1. Limited time only! Sign up for a free 30min personal tutor trial with Chegg Tutors
    Dismiss Notice
Dismiss Notice
Join Physics Forums Today!
The friendliest, high quality science and math community on the planet! Everyone who loves science is here!

Homework Help: Problems with mechanics

  1. Jan 17, 2009 #1

    I'm having trouble with my mechanics course. I'm having trouble figuring out what the question is asking me with all this polar coordinare stufff, and how to go about the question. Here are some of the questions.

    1. A particle starts on the x axis at (b, 0) at time t = 0, and moves at constant speed v in a straight line in the +y direction. Derive explicit expressions (in terms of b, v, and t) for the polar coordinates r and f as functions of time, and for the time derivatives f fr&, &, &r&, and && . Finally, calculate the radial and azimuthal acceleration components ar and af.

    My general approach is to wrtite the pythagorean therorem for distace after time t to get the radious, and then use trig to get an expression for the angle. But, then I don't really know what to do get the derivatives.

    There are other questions but I'm not sure how to start them, and so don't have an attempted solution.


  2. jcsd
  3. Jan 17, 2009 #2
    Here's a place to start: the particle's position as a function of time in Cartesian co-ordinates is just

    (1) [tex]\stackrel{\rightarrow}{r} =b\stackrel{\rightarrow}{x} + vt\stackrel{\rightarrow}{y}[/tex]

    What is the velocity?

    (2)[tex] \frac{d}{dt}\stackrel{\rightarrow}{r} = \frac{d}{dt}(b\stackrel{\rightarrow}{x}) + \frac{d}{dt}(vt\stackrel{\rightarrow}{y}}) = v\stackrel{\rightarrow}{y} [/tex]

    One can write the Cartesian unit vectors in terms of the polar unit vectors. Go for it! :tongue2:

    If a particle is moving with a constant speed in a straight line, what is its acceleration? And, if that is its acceleration, what must its components be?
  4. Jan 17, 2009 #3
    Here's another way to approach it:

    r = (b2 + (vt)2)1/2 <r> where <r> is the unit vector in the radial direction. θ = arctan(vt/b). The position vector r is a function of time that can be expressed as

    r = r(t) <r>

    Then dr/dt = dr/dt <r> + r(t) d<r>/dθ dθ/dt. And d<r>/dt = <θ>, the unit vector in the theta direction, and dθ/dt is the azimuthal velocity. This gives

    v = dr/dt = dr/dt<r> + r(t)dθ/dt <θ>

    Find a = dv/dt and use d<θ> /dθ = -<r>.
  5. Jan 18, 2009 #4
    Thanks to both of you for replyingm, although I'm doing it closer to Chris's way.

    I have the first part done exactlty the same. Where you have an r in bold(not wwhere you have an r hat in bold) is that where I need to take the derivative in terms of t? Likewise with theta?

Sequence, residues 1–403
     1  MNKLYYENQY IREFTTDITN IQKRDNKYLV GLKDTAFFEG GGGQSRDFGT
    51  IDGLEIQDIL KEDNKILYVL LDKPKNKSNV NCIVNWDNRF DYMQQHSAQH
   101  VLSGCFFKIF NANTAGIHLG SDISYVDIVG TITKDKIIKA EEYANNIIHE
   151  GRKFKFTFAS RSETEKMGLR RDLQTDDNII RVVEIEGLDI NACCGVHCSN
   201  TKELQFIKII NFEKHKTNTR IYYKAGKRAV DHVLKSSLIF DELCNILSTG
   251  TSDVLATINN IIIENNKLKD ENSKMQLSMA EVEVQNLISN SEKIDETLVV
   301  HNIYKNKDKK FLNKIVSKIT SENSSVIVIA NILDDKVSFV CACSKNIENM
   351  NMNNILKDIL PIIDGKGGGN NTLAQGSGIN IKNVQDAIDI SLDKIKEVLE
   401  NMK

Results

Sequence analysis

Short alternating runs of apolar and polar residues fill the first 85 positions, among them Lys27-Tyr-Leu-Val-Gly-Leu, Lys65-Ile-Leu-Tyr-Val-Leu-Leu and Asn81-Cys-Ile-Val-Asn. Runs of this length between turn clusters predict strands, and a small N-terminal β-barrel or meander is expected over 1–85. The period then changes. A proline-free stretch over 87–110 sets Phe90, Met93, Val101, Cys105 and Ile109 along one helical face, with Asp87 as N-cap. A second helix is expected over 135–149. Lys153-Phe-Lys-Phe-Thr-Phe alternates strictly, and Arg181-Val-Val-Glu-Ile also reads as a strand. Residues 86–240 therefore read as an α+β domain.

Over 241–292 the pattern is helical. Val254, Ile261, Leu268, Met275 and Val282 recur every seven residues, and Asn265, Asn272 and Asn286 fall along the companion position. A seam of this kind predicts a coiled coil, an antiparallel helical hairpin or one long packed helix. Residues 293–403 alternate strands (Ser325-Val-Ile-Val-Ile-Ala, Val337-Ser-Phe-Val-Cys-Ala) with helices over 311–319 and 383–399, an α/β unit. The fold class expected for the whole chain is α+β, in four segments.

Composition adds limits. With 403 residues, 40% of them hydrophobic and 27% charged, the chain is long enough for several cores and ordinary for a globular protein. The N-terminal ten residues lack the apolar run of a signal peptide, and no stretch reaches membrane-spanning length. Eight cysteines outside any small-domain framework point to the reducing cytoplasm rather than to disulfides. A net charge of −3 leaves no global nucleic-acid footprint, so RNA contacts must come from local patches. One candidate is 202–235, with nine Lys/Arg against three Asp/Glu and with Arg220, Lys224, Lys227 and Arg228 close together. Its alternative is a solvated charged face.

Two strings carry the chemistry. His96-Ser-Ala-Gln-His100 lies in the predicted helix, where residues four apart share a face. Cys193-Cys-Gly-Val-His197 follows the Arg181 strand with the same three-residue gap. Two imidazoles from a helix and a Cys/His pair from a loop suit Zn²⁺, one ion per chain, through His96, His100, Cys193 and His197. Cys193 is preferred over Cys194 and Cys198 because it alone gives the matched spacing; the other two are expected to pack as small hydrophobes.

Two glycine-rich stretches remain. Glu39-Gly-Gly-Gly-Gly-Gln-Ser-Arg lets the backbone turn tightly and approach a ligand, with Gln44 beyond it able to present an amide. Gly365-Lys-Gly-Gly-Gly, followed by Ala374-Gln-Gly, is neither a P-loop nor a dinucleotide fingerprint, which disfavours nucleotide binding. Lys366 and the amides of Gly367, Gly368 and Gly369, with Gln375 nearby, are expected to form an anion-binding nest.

Also, what is r not in bold format? Or is ithe other way round? Our prof showed us this in class, but didn't do a great job of it, plus he uses different notation.

    Lastly what is dr/dt? Is it the dervative of r(t), where r(t) is bold r, minus the r hat?
    Last edited: Jan 18, 2009
  6. Jan 18, 2009 #5
    Yes, take the derivative of r(t) <r> with respect to time using the chain rule. The <r> is the unit vector in the r direction. Recall, a vector has a magnitude, in this case r(t), and a direction, <r>. The <r> is called a unit vector because it only gives a direction since the magnitued is equal to 1 (unity). The difference between the polar unit vectors and the cartesian unit vectors <x> and <y> are the polar unit vectors change direction as r changes whereas the cartesian unit vectors remain fixed. Therefore, the change in the polar unit vector directions must be evaluated with respect to time.

    There's no need to take the derivative of the theta function in terms of arctan because the unit vector <θ> will show up when taking the first derivative as shown previously.

    The dr/dt is simply the derivative of r(t) with respect to time and this is a magnitude, not a vector. The -<r> is a unit vector in the negative <r> direction.
  7. Jan 18, 2009 #6
  8. Jan 18, 2009 #7
    Sorry if I confused you. The dθ/dt term is the azimuthal velocity or angular velocity magnitude and is usually expressed as ω. When the acceleration is found the dω/dt term is usually expressed as α (alpha), the azimuthal or angular acceleration. So, if you desire to find dθ/dt as a function of time, yes, take the derivative of the θ = arctan expression with respect to time.
  9. Jan 18, 2009 #8
    So, d(theta)/dt = omega, and d^2(theta/dt^2 + alpha, so we never actually have to take the derivative of theat at all, and becuase we want azimuthal accelaration we leave thse terms as omega and alpha.

    Won't we need to calculate omgega to find out what alpha is? Or is it just asking for an expression fot the ra and aa.

    Radial accelaration is the 2nd derivative of the r equation I assume.
  10. Jan 18, 2009 #9
    I dont really understand what a(r) and a(theta) are.
  11. Jan 18, 2009 #10
    Take the the time derivative of θ = arctan(vt/b). This will give ω as a function of time. And dω/dt = α and will be a funtion of time also. Yes, one component of the radial acceleration is the second time derivative of r(t). You will have four terms for the acceleation vector; it comes from using the chain rule for the v = dr/dt expression; two terms will be in the radial direction and two will be in the azimuthal direction.
Share this great discussion with others via Reddit, Google+, Twitter, or Facebook